Never mind all that book-learnin', kids, wait'll you get a taste of the real world:
GREENCASTLE -- More than 550 eighth-grade students faced the reality of adulthood for a few hours Monday during the Reality Experience.
[. . .]
The middle-school students arrived at the "store" with a checkbook and their gross monthly salary. They then pay taxes, utilities, housing and medical costs. They roll the dice to find out how many children they have and visit each "booth" to pay for food, transportation and insurance.
[. . .]
Along the reality journey, students visited the wheel of chance, where they might win the lottery or lose money due to house fire or car repairs. It may also send them to the legal representatives with issues like breaking a lease and possibly being sued or will preparation.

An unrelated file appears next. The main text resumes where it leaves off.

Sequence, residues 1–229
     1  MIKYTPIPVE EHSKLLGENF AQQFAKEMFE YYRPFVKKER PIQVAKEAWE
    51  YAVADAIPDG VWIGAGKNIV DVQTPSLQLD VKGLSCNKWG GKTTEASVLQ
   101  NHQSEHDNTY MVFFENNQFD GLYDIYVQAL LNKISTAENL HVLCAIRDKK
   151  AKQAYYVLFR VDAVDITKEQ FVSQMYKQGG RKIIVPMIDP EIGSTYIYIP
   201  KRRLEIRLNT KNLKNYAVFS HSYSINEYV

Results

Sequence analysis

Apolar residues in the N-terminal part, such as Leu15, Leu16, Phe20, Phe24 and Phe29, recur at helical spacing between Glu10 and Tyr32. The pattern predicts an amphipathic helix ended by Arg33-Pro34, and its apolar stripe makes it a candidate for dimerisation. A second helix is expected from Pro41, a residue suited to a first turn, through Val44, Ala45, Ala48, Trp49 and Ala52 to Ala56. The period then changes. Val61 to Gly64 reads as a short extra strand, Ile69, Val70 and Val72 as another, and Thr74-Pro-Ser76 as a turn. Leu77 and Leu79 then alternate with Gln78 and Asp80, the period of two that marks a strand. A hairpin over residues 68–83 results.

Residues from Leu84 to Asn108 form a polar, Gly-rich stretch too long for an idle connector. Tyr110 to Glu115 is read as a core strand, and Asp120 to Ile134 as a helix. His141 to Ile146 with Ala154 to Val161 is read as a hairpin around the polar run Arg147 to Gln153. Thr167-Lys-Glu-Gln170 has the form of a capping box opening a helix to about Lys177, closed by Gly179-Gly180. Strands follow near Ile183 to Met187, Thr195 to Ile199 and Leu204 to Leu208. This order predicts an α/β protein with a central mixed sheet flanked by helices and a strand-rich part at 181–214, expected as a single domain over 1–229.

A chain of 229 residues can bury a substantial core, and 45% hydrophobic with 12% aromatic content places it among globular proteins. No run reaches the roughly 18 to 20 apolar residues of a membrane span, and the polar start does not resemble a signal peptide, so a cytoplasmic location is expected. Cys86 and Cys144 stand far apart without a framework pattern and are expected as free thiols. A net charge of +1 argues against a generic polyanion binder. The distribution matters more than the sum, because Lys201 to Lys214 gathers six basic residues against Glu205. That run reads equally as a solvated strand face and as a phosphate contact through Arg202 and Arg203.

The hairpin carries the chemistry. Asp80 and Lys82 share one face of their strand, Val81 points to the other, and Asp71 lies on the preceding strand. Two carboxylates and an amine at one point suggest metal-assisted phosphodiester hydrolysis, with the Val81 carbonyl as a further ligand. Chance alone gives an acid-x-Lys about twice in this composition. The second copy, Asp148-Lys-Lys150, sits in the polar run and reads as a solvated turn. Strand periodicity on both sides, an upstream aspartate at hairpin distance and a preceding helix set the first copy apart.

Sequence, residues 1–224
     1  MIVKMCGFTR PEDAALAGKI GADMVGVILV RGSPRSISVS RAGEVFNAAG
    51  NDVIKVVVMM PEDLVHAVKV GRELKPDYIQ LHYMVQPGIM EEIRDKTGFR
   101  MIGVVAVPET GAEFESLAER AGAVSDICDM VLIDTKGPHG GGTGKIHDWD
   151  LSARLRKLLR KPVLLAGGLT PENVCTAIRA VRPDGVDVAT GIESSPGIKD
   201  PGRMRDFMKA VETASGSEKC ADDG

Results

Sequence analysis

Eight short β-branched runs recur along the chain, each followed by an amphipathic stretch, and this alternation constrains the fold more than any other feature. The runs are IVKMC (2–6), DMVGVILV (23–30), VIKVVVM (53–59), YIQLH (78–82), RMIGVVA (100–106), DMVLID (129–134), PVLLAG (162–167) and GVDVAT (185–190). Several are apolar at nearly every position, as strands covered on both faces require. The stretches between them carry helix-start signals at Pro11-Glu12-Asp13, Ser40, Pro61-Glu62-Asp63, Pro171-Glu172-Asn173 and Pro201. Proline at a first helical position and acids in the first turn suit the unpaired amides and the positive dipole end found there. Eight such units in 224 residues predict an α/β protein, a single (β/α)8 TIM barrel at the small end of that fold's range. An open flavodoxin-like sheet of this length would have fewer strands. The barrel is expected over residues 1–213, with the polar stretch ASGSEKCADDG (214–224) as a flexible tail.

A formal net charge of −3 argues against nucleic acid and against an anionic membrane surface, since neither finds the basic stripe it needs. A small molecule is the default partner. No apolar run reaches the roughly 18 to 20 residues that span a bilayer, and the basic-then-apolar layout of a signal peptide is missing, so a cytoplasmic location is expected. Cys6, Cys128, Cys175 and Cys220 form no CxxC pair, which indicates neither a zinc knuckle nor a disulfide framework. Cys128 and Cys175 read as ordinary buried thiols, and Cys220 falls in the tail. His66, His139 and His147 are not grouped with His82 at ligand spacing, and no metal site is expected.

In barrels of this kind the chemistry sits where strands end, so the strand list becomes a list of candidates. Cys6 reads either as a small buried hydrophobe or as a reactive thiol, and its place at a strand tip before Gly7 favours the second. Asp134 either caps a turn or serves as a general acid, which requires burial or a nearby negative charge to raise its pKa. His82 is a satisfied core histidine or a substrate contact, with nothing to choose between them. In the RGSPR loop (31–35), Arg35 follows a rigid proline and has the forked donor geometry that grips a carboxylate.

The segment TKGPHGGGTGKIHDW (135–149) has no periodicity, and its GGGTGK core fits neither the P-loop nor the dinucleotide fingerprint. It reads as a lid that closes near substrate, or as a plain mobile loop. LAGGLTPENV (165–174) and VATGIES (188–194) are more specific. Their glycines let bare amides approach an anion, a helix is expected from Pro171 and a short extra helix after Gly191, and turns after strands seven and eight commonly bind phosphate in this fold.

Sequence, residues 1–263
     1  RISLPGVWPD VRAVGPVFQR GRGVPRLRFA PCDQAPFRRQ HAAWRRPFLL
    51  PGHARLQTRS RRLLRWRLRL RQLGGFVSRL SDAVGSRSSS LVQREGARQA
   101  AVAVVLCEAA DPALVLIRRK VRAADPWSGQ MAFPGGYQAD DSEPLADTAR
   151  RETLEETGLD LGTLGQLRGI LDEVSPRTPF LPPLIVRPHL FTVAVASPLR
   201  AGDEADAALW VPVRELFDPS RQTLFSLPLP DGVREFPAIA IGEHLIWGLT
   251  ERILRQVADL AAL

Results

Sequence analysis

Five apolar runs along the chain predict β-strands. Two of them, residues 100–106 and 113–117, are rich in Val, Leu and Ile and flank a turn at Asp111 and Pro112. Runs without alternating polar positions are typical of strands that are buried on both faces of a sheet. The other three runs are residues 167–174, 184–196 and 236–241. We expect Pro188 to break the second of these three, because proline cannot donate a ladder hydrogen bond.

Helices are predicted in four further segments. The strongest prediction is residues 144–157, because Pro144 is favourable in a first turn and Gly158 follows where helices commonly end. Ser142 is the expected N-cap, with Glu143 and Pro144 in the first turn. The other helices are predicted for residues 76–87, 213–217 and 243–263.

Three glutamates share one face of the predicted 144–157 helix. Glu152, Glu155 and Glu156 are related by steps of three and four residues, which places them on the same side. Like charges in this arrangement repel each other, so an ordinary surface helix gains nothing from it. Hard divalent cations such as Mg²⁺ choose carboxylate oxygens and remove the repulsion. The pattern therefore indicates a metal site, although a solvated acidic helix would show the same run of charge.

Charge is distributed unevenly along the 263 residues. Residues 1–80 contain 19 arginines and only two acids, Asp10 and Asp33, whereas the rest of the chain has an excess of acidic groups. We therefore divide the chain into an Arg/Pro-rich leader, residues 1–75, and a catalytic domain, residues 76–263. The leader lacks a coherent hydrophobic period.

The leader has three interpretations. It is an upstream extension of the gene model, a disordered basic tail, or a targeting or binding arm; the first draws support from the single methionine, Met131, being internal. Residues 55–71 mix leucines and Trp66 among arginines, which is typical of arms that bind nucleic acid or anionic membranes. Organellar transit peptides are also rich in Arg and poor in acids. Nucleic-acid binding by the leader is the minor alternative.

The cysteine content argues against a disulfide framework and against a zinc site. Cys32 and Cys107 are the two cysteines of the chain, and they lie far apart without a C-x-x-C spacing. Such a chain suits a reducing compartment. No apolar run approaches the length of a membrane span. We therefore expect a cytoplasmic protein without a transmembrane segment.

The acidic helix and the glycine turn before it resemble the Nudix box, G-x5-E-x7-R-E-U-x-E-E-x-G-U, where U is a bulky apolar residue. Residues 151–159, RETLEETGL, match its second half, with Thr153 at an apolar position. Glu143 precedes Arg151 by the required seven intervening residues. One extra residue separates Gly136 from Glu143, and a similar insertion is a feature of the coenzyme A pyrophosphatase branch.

Sounds like a pretty cool program that at least tries to give the students a taste of the two truths most come out of school without a clue about: 1. Life isn't just going to unfold -- plans actually have to be made. 2. No matter how good the plan is, stuff happens. The story notes that for the reality experiment, the kids have to choose an occupation without knowing the salarey. That sounds awful, and I should know -- that's the way I did it.